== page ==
The importance of cured meats in a healthy hospital diet.
“Buono a sapersi”(Good to Know) edited by Jessica Lops (Dietician)
During a stay in hospital, a patient’s diet plays an essential part of their diagnosis and treatment process.
An unhealthy diet can represent a further risk factor for several illnesses and can lead to malnutrition. Malnutrition is often observed when a patient is first admitted and can worsen during their stay, leading to both physical and psychological complications. It can influence negatively on the outcome of their treatment, it reduces the immune response, leaves the patient open to infections, delays healing, compromises the function of organs and systems, reduces muscular mass and strength, as well as creating a serious lack of appetite. As a result, treatment can become more complicated and it takes longer for the patient to feel well enough to go home.
As a general rule, malnutrition does not have a single cause but, more often than not, is due to multiple nutritional deficiencies caused by problems with chewing, swallowing, digestion and changes in metabolism.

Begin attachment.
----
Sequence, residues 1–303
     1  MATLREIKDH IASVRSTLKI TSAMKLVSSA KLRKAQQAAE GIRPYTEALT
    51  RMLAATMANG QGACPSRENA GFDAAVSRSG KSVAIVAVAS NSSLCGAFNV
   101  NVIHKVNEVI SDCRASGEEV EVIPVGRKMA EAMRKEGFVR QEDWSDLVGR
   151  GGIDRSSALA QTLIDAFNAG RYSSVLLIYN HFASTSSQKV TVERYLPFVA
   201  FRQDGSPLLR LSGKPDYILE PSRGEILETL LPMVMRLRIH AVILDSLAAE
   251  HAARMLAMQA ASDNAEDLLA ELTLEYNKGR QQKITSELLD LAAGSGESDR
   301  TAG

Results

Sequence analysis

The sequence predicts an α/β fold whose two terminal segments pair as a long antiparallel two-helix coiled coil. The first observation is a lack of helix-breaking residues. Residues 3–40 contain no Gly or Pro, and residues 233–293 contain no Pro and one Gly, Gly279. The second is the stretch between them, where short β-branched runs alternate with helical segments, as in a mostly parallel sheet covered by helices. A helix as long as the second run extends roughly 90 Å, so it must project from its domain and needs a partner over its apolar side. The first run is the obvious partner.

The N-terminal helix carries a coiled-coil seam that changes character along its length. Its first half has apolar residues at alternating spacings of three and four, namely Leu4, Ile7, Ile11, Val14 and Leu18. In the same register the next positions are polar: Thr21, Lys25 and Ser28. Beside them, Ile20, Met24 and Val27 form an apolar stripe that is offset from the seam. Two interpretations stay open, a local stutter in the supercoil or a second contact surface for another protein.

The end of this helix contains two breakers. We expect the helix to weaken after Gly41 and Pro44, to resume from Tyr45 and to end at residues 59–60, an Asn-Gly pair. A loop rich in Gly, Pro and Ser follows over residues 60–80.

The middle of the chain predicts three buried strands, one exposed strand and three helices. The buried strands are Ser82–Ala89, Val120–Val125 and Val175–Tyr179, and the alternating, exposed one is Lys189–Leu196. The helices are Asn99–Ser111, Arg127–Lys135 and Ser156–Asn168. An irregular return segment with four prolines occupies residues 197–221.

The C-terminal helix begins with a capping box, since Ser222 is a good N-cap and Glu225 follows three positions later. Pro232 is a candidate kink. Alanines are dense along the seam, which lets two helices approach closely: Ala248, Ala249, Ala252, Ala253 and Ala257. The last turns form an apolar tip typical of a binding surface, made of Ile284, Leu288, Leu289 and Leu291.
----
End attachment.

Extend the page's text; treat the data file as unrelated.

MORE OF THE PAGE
For all these reasons, patients should be given as varied a diet as possible, made up of simple, healthy and tasty meals. The aim is to ensure they follow a healthy diet during their stay, as recommended by LARN (Intake Levels of Reference of Nutrients and energy recommended to the Italian population) and remain healthy.
One of the most popular categories of food in hospitals is sliced meats. Let’s take a closer look at them.
These two foods are a staple part of a daily hospital diet; sliced turkey, bresaola and sometimes speck, which are just as tasty, are usually given once or twice a week.
In addition to these recommendations, a patient’s food intake should always be monitored and, if their normal diet does not provide the necessary nutrients, it should be integrated with special products which can be taken by mouth or, in more extreme cases, artificial feeding can be introduced.
The aim is to ensure patients receive adequate levels of nutrition and to meet the needs of each individual person.